‘It’s a sad feeling to know that this property removed a lot of culture,’ Russell Cato said, fighting back emotion during the Gas Plant and Laurel Park reunion.
By Frank Drouzas
ST. PETERSBURG — Hundreds of Black families, businesses, churches, and community spaces were displaced or destroyed by the construction of Tropicana Field. Former residents of the Gas Plant and Laurel Park neighborhoods and their descendants share memories of a safe, supportive, and thriving community and the lasting impact of its demolition.
The story of the Gas Plant and Laurel Park neighborhoods is both unique to Pinellas County as well as a history that has been repeated across this country, across generations of Black and Brown communities. If we are to move forward with race equity, we must know, understand, honor, and be changed by our collective past.
Russell Cato, who calls himself a Gas Plant native, lived on Fourth Avenue and 10th Street South, attended Davis Elementary School and later Gibbs High School, and recalled when African-American families had to relocate out of the district.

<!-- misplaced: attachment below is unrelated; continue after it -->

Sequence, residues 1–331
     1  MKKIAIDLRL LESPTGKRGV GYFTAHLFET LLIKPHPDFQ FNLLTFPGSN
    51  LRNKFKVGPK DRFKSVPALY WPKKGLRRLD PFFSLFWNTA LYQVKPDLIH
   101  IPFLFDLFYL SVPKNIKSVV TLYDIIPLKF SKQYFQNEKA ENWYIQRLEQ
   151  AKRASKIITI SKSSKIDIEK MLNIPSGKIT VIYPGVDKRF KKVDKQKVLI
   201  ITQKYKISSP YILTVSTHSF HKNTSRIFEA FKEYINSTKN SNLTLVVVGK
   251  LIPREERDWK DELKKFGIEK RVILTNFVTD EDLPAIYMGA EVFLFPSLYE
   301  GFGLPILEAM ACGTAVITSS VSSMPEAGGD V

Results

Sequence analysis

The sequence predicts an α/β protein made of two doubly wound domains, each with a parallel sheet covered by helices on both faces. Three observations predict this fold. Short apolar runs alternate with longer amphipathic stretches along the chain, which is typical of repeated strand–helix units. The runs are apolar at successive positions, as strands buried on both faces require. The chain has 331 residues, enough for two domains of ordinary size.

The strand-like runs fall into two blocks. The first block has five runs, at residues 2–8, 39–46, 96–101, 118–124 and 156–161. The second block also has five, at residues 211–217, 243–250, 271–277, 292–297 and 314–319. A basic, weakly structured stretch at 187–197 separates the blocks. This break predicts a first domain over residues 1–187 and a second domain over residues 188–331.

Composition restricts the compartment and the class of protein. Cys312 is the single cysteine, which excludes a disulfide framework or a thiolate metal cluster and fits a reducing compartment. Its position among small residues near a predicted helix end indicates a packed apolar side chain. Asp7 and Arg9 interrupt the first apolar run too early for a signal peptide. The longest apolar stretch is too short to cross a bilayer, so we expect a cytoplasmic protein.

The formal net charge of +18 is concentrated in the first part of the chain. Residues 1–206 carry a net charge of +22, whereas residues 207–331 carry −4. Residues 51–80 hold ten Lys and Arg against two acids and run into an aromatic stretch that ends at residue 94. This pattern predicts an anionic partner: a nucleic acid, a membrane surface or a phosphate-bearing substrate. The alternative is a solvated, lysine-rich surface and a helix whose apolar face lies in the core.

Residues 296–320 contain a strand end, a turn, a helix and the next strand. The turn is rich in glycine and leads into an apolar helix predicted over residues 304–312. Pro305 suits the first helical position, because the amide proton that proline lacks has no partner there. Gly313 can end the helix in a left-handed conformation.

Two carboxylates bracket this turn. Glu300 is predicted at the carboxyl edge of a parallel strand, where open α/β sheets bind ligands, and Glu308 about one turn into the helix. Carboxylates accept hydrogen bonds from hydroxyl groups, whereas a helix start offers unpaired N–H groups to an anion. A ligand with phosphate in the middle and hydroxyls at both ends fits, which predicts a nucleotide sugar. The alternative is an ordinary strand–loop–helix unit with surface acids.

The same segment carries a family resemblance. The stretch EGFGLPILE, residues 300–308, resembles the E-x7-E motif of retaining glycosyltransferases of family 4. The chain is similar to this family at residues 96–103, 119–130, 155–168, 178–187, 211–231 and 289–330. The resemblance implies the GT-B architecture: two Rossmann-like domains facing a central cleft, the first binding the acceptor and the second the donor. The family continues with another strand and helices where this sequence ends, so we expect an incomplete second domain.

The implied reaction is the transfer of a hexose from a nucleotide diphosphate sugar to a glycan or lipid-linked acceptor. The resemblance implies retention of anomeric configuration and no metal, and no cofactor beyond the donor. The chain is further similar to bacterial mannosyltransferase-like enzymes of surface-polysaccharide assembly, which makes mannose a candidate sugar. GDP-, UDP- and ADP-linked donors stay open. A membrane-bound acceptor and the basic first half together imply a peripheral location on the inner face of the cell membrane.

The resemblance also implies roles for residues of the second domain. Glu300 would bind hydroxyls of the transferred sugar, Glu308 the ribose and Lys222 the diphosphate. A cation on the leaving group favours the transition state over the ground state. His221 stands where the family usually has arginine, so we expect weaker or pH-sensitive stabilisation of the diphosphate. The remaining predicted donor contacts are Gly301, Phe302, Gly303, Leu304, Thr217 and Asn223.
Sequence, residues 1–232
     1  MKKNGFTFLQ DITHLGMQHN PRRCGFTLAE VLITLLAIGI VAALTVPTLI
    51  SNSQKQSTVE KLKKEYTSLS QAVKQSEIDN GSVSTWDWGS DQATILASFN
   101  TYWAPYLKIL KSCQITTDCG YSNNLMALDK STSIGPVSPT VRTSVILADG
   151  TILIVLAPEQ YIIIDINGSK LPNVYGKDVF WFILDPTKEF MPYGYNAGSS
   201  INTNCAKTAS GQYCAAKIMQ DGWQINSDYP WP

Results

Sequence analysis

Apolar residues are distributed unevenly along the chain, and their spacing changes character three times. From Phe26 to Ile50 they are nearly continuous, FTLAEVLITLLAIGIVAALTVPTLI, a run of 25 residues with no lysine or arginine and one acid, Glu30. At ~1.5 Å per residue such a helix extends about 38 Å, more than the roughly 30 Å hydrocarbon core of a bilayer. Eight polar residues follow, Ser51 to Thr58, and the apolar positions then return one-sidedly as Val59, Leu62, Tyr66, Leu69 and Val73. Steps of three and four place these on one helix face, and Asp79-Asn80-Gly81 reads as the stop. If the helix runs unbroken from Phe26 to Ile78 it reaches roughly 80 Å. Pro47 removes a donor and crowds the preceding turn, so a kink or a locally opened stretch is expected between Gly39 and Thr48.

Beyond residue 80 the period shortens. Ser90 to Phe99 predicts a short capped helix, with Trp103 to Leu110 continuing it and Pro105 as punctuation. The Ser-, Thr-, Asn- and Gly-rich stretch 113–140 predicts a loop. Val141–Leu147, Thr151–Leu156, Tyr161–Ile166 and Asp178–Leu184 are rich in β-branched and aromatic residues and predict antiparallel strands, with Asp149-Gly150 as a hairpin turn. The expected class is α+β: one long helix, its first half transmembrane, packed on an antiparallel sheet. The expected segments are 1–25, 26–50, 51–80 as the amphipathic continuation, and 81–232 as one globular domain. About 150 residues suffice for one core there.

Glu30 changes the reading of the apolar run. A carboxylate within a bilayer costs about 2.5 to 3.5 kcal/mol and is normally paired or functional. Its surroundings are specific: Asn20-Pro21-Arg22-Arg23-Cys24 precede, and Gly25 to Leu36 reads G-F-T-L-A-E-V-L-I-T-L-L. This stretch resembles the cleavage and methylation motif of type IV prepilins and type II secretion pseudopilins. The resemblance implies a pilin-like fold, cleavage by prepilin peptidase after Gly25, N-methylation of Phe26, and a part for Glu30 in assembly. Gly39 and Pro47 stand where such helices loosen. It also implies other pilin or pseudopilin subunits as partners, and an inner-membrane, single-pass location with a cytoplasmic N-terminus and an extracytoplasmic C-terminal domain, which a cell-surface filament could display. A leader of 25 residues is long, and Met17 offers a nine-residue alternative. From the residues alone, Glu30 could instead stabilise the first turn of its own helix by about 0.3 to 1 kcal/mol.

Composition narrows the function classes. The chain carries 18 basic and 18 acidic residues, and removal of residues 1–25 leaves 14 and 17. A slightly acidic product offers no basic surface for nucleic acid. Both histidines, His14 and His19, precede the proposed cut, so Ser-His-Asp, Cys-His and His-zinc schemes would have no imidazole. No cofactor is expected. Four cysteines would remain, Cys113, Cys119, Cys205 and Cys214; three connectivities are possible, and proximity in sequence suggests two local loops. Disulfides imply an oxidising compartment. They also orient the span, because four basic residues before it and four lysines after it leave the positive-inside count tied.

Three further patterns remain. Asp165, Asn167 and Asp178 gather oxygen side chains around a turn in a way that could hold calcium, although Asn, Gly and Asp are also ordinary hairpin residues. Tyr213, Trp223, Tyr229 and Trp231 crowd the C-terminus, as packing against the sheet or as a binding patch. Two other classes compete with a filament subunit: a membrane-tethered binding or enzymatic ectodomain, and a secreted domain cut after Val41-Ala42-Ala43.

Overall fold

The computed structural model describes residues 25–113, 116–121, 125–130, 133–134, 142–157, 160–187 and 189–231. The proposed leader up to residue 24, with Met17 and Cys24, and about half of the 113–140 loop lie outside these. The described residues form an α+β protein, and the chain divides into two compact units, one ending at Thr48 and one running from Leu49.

Lamenting the interstate construction that “had come through the area, kind of knocking us out,” Cato admitted he was saddened by the destruction of the area’s unique community.
“I remember when we were kind of forced to get out of the Gas Plant area,” he said. “A lot of people kind of lost their culture.”
Cato asserted that “there were some great people that lived in the Gas Plant area,” including Archie Boston, Jr., who would become a renowned graphic design artist and professor.
“It’s a sad feeling to know that this property removed a lot of culture,” Cato said, fighting back emotion during the Gas Plant and Laurel Park reunion. “So, as I sit in this chair right now and think about the memories, I don’t want to cry. I just want to feel good about it. It’s hard; it’s hard. It’s very hard.”
Cato noted his mother was one of the last to move out of the area and wondered if young people could truly understand what home ownership meant to African Americans back then.
“There were Blacks who owned their own homes during that time, and my grandmother was one of those,” he said.
As young and old people alike attended the reunion, Cato added, “I’m so proud of the people that are coming back to look at this area!”
Click here to watch videos of residents recalling their gas plant memories.